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Flexible Carbon Nanotube Modified Separator for High-Performance Lithium-Sulfur Batteries

State Key Laboratory of Advanced Technology for Materials Synthesis and Processing, School of Materials Science and Engineering, Wuhan University of Technology, Wuhan 430070, China
Laboratory of Reactions and Process Engineering (LRGP, CNRS UMR 7274), CNRS-University of Lorraine, 1rue Grandville, BP 20451, 54001 Nancy, France
Authors to whom correspondence should be addressed.
Nanomaterials 2017, 7(8), 196;
Received: 10 July 2017 / Revised: 21 July 2017 / Accepted: 21 July 2017 / Published: 26 July 2017
(This article belongs to the Special Issue New Developments in Nanomaterials for Energy Storage and Conversions)


Lithium-sulfur (Li-S) batteries have become promising candidates for electrical energy storage systems due to their high theoretical specific energy density, low cost and environmental friendliness. However, there are some technical obstacles of lithium-sulfur batteries to be addressed, such as the shuttle effect of polysulfides. Here, we introduced organically modified carbon nanotubes (CNTs) as a coating layer for the separator to optimize structure and enhance the performance of the Li-S battery. The results showed that the cell with a CNTs-coated separator exhibited an excellent cycling performance. Compared to the blank separator, the initial discharge capacity and the capacity after 100 cycles for the CNTs-coated separator was increased by 115% and 161%, respectively. Besides, according to the rate capability test cycling from 0.1C to 2C, the battery with a CNTs-coated separator still released a capacity amounting to 90.2% of the initial capacity, when the current density returned back to 0.1C. It is believed that the organically modified CNTs coating effectively suppresses the shuttle effect during the cycling. The employment of a CNTs-coated separator provides a promising approach for high-performance lithium-sulfur batteries.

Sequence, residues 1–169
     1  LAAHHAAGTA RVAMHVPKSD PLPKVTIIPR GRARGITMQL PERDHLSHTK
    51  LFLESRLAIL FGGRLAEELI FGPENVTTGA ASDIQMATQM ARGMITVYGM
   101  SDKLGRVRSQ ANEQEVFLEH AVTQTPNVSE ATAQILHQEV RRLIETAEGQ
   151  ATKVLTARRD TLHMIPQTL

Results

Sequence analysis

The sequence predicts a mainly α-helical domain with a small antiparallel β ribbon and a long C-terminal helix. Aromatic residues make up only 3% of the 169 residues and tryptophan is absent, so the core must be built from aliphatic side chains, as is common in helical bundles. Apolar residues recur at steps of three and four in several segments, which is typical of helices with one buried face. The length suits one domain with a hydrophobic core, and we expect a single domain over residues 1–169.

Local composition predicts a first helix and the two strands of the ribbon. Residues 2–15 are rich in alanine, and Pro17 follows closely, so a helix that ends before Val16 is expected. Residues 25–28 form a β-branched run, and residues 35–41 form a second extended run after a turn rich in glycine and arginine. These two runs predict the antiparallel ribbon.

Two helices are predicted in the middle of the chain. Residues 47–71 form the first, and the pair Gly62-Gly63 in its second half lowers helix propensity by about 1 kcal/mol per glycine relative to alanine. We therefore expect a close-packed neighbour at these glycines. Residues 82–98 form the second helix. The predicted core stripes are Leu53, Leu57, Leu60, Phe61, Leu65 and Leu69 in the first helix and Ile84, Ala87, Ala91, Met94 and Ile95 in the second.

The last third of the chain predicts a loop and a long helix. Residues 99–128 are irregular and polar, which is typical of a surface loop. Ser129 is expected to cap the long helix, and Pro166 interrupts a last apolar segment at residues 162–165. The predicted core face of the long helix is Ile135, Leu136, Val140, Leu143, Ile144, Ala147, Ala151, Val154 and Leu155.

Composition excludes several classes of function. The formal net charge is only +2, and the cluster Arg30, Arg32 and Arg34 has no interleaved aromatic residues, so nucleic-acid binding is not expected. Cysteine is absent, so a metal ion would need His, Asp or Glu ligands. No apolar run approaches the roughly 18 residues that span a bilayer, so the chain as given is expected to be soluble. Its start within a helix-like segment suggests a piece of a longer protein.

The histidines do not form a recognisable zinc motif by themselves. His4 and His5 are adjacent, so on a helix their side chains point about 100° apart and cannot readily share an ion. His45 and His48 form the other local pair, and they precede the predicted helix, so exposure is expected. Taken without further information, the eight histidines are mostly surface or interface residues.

1. Introduction

Nowadays, rechargeable lithium batteries have been widely used in portable electronics, electric vehicles and various energy storage devices. Lithium-sulfur (Li-S) batteries have been considered to be one of the most promising choices for next generation, high-energy rechargeable batteries due to their high theoretical energy density. For lithium-ion batteries with graphite as negative electrodes, the theoretical energy densities are typically limited to around 400 Wh/kg or 1400 Wh/L [1,2], while the theoretical energy densities of lithium-sulfur batteries are calculated to be 2500 Wh/kg or 2800 Wh/L [3,4]. Also sulfur offers a theoretical capacity of 1675 mAh/g, which is higher than those of transition-metal oxide electrode materials by an order of magnitude [5]. Additionally, the merits of abundant reserves, low cost and environmental friendliness of sulfur are greatly in favor of large-scale commercialization of Li-S batteries.
In spite of these advantages, there are still great challenges limiting the practical application of Li-S batteries. On one hand, there is low utilization of the active materials in the cathode since both sulfur and its discharge product Li2S are electronically and ionically insulating. On the other hand, due to the soluble characteristics and thus the shuttle behavior of the polysulfide intermediates (Li2Sx, 4 ≤ x ≤ 8), which are generated during the charge/discharge process, irreversible capacity loss is commonly unavoidable. This consequently leads to low coulombic efficiency and poor cycle life for Li-S batteries [6].